Overfed, Nutritionally Starved

Learn about the serious reductions in our food’s nutrients in the past 100 years, and why homegrown produce is naturally superior.

| September/October 2017


Homegrown produce isn’t under pressure to survive long journeys or stay fresh on store shelves.

Photo by iStock/XiXinXing

Any home gardener will tell you supermarket produce is no match for freshly picked fruits and vegetables. But that’s more than lip service or homegrown pride. Actually, there’s plenty of scientific evidence to suggest that backyard produce doesn’t just taste better — it’s more nutritious, too.

In the United States, we consume an overabundance of calories, yet around a third of us don’t get the recommended levels of magnesium, vitamin A and vitamin C — all nutrients we get from plants, which we have more year-round access to than ever before. So what gives?

Part of the answer may lie in the plants themselves and how we process them. Instead of simply eating more servings of fruits and vegetables, we might want to focus on ensuring those servings are rich in the nutrients that do the hard work of keeping us healthy in the first place.

Large-scale agricultural producers utilize everything from fertilizers and pesticides to plowing and selective breeding to increase the uniformity and yield of crops. But in doing so, they may be inadvertently decreasing those crops’ ability to nourish us. Researchers have found a marked decline in the nutritional value of fresh food over the last 100 years. Today’s produce pales in nutritional value with fruits and vegetables grown before those agricultural practices became common, and many studies back that up.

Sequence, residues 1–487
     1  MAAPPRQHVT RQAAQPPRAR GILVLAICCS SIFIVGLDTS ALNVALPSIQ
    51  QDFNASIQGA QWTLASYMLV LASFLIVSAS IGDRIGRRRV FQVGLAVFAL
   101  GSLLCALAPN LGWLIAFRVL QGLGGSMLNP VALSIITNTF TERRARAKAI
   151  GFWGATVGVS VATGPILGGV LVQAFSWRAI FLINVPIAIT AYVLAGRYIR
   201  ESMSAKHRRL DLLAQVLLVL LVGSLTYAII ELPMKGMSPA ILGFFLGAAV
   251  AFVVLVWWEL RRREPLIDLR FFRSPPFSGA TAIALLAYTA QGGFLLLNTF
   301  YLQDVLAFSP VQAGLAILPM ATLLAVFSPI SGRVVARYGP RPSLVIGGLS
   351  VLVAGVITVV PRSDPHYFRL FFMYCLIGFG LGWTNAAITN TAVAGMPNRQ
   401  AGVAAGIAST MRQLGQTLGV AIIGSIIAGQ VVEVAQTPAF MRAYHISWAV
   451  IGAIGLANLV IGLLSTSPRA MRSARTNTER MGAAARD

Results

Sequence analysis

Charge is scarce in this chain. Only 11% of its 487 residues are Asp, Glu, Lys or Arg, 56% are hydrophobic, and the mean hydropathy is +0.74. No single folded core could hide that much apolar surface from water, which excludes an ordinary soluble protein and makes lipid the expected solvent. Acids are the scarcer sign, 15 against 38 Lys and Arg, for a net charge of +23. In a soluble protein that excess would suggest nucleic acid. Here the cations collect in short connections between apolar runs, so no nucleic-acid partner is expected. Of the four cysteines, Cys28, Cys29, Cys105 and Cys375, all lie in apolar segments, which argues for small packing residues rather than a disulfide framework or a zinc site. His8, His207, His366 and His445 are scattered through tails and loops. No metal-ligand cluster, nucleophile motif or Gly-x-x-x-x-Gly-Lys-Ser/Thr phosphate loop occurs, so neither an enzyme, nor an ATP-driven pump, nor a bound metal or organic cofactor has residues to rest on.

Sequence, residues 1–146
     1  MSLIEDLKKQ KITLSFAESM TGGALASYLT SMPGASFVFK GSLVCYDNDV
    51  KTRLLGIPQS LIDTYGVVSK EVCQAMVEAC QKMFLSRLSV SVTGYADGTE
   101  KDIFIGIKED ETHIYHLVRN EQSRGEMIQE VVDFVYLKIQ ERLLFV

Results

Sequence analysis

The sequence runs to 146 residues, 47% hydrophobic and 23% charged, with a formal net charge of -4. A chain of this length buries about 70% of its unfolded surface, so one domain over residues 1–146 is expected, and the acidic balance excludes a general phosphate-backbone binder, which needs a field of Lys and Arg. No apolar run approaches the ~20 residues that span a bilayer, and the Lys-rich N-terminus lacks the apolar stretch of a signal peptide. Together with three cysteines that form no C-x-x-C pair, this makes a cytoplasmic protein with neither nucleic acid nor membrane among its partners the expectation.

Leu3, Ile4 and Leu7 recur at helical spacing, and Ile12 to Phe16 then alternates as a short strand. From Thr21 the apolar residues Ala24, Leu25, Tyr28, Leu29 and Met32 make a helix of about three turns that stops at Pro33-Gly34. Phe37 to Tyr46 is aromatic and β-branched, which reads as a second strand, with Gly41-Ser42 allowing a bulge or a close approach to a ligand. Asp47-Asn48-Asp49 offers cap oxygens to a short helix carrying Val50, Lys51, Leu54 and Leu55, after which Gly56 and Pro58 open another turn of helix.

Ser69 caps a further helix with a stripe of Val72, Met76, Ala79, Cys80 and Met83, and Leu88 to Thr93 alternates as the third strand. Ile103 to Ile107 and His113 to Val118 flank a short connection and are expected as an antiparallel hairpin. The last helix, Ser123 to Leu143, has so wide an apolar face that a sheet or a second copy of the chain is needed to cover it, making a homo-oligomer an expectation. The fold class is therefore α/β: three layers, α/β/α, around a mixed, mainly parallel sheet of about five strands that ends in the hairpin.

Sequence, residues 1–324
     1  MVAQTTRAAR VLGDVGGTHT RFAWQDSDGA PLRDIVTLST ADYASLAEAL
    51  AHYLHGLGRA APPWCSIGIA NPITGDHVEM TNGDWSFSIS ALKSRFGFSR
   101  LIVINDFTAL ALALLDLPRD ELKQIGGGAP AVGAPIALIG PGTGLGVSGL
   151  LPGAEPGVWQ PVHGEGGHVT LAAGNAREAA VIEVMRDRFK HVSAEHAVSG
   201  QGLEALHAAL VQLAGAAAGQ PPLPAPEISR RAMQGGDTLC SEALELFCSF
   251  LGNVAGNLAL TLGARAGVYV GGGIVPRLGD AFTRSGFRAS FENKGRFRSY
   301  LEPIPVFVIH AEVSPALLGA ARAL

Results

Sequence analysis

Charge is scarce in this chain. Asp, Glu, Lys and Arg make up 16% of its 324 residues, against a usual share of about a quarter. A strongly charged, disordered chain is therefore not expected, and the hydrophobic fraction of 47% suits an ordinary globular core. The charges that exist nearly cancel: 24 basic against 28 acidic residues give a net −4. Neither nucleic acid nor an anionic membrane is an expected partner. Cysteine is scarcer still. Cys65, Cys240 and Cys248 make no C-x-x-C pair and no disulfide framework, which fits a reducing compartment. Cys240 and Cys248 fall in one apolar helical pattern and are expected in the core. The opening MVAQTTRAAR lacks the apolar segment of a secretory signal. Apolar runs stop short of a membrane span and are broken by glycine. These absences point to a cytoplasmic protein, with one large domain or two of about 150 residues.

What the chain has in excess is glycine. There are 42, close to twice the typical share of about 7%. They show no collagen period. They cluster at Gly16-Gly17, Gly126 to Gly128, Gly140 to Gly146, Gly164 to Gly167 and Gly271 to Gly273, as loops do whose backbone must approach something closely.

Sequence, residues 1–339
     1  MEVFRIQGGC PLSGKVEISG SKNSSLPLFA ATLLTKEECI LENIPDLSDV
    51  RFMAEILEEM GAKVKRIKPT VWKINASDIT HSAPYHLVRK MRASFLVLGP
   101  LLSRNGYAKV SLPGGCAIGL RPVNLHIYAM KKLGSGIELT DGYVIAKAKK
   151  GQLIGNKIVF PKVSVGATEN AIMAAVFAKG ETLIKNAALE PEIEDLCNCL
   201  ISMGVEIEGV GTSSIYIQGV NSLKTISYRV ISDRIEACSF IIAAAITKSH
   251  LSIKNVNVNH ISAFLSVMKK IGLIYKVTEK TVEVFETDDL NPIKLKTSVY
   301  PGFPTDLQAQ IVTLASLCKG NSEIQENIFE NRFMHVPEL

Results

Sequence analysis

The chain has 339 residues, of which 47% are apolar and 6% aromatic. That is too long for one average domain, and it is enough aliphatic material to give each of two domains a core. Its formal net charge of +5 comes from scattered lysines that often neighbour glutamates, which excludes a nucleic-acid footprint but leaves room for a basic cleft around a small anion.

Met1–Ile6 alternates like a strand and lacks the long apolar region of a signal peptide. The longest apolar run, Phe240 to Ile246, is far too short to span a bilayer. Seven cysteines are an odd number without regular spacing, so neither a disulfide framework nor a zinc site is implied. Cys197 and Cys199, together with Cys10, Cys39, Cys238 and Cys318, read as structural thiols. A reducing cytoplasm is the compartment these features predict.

A Brief History of Nutrition Research

The first federal funding for human nutrition research in the United States was earmarked in 1893, in large part because of the work of an American chemist named Wilbur Olin Atwater.

Atwater was one of few scientists at the time devoted to the studies of human nutrition and metabolism. His work in the late 19th and early 20th centuries informed much of what we now understand about food and nutrition.

elderberry, echinacea, bee hive


Feb. 17-18, 2018
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